Tuesday, May 08, 2007

VanLandingham on Paul's Soteriol

I'm now turning my attention fully to Chris VanLandingham's book Judgment and Justification in Early Judaism and Paul for an article length review. In his conclusion, VanLandingham writes:

The Last Judgment is not a judgment over the work of Christ or even over what the Holy Spirit has done in the believer; it is a judgment over the individual and what he or she has done. The work of Christ has made it possible to receive approbation iin a judgment according to deeds, but not because God is merdiful toward the Christian based on Christ’s merit, nor because in God’s perception Christ’s death has made it as though the Christian has never sinned. Rather, the process of salvation is worked out as follows: At the time of faith, a person who has been “made righteous” is forgiven of past sins (which become a dead issue), cleansed from guilt and impurity of sin, freed from the human propensity to sin, and then given the ability to obey. The Last Judgment will then determine whether a person, as an act of the will, has followed through with these benefits of Christ’s death. If so, eternal life will be the reward; if not, damnation.

VanL sees Paul's language of righteousness as referring principally to cleansing and purification from sin, freedom from sin's power, and forgiveness of sin as an "initiating-event"; but it has nothing to do with a forensic declaration, it is not relational, and does not refer to acquittal at the final judgment. While I agree with several of the points he raises (e.g. Paul's dikai language is more about enacting or executing justice than with just making declarations about something [see Luke 18.1-8 and Mark Seifrid on this point]), I nonethless think that many of his arguments are contestable. More anon.


Nick said...

Michael on a related theme, I've been reading "Christ, Our Righteousness" by Seifrid and I'm finding it quite hard to digest. I understand you're well aquainted with Seifrid's work.

On the level of imputation, I understand him saying that Christ himself is our righteousness as opposed to a past legal record of his obedience. So far so good.

But I have some questions. How would you neatly summarise Seifrid's position on justification as a whole?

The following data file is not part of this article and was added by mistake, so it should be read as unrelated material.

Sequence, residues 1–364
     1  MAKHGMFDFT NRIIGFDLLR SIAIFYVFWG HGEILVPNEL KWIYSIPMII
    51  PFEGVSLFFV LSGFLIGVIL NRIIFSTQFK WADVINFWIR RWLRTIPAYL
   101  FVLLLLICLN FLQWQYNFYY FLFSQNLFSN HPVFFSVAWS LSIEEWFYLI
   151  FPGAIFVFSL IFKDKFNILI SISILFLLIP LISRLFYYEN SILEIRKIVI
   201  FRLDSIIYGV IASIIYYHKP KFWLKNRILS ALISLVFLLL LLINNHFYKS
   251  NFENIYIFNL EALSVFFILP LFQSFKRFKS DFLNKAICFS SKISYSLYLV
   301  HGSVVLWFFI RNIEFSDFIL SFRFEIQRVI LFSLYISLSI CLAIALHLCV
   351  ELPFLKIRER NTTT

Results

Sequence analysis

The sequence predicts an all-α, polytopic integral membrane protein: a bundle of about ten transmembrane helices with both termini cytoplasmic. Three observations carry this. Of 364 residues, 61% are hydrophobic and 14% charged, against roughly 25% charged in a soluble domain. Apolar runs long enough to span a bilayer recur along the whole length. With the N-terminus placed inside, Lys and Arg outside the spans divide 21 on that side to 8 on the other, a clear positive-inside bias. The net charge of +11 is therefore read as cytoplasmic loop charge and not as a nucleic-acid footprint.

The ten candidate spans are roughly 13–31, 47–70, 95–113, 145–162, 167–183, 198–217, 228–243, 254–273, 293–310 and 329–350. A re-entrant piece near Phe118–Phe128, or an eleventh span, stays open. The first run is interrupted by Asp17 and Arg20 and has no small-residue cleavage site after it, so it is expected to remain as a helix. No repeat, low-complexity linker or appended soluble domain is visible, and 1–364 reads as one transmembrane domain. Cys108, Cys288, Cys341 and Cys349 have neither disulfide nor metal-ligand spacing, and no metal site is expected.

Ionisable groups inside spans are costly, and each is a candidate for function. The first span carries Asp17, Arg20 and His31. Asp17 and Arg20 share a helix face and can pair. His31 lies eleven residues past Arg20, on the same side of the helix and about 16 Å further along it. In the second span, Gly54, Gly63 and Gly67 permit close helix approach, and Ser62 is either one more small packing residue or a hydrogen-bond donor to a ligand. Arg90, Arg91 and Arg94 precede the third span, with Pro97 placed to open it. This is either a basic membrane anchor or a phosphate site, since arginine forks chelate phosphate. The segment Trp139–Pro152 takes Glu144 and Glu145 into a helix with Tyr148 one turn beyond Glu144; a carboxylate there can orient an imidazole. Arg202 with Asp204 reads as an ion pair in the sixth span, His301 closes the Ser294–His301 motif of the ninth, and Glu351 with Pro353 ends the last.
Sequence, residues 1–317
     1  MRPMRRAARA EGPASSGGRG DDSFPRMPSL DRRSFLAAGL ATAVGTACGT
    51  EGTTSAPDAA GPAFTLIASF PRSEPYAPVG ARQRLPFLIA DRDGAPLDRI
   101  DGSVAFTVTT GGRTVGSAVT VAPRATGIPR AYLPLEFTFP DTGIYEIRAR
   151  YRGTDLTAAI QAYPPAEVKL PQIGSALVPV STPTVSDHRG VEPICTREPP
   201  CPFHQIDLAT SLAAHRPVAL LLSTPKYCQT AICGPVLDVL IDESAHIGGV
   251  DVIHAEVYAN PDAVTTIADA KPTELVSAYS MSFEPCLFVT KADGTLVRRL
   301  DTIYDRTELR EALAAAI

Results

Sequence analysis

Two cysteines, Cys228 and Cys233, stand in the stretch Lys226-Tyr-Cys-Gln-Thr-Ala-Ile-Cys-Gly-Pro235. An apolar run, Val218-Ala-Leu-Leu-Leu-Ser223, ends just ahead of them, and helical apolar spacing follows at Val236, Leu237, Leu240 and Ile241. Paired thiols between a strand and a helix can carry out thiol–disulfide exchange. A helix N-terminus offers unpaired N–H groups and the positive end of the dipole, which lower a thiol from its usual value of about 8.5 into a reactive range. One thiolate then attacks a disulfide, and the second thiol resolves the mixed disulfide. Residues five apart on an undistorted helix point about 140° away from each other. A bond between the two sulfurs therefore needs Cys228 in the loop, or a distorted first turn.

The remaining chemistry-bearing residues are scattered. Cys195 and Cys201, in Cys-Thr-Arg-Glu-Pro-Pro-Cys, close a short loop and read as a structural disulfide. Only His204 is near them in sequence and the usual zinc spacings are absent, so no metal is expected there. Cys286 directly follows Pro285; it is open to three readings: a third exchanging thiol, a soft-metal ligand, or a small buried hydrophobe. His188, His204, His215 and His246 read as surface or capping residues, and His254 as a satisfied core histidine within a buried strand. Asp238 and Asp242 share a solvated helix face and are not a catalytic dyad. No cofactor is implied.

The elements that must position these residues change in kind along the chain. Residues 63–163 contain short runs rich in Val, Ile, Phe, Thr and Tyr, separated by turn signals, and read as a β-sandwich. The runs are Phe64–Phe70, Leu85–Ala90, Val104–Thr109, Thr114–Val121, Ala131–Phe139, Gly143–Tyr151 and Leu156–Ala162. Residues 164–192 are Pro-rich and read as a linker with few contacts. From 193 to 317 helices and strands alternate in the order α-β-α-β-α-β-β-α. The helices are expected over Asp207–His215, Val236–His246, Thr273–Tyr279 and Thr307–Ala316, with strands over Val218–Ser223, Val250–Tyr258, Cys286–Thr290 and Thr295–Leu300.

He says that traditional protestant understandings of justification are too restricted and mentions Paul speaking of being justified by the Spirit. In what sense are we justified by the Spirit?

In what sense does the traditional model of imputation bruise the nerve between justification and sanctification (p175)? How does his proposal of justification remedy this?

Sorry for the barrage of questions! I'm just fascinated by the book and was looking for some clarification!

Michael F. Bird said...


1. Best bet is to email Mark himself and ask. He's a very gracious and cordial fellow and I'm sure he'd be glad to answer.

2. For Seifrid, his perspective is that justification actually enacts God's verdicts of condemnation (in Jesus' death) and vindication (in Jesus' resurrection); and justification is not merely a declaration of justice to be meted out at a later date, but about actually executes justice in Christ. What is more, Seifrid is far more christocentric than many of those in the Reformed camp are.

3. With the desire to keep justification and sanctification cordoned off from one another, there has always been a propensity to bruise the nerve that connects obedience with faith. Here Seifrid is again right! While one cannot smuggle sanctification under the aegis of justification, both concepts are linked by virtue of Christ: Christ is the locus of justification and holiness (e.g. 1 Cor. 1.30) and many commentators forget that.

Nick said...

Thanks for taking the time to answer. Think I'll drop Seifrid an email. God bless.

Anonymous said...

Hi Michael,

I'm sure you might cover this in your review, but could you briefly describe you "reconcile" justification by faith and judgment according to works? I've been looking into this quite a bit lately. Could you also recommend any resources? Thanks!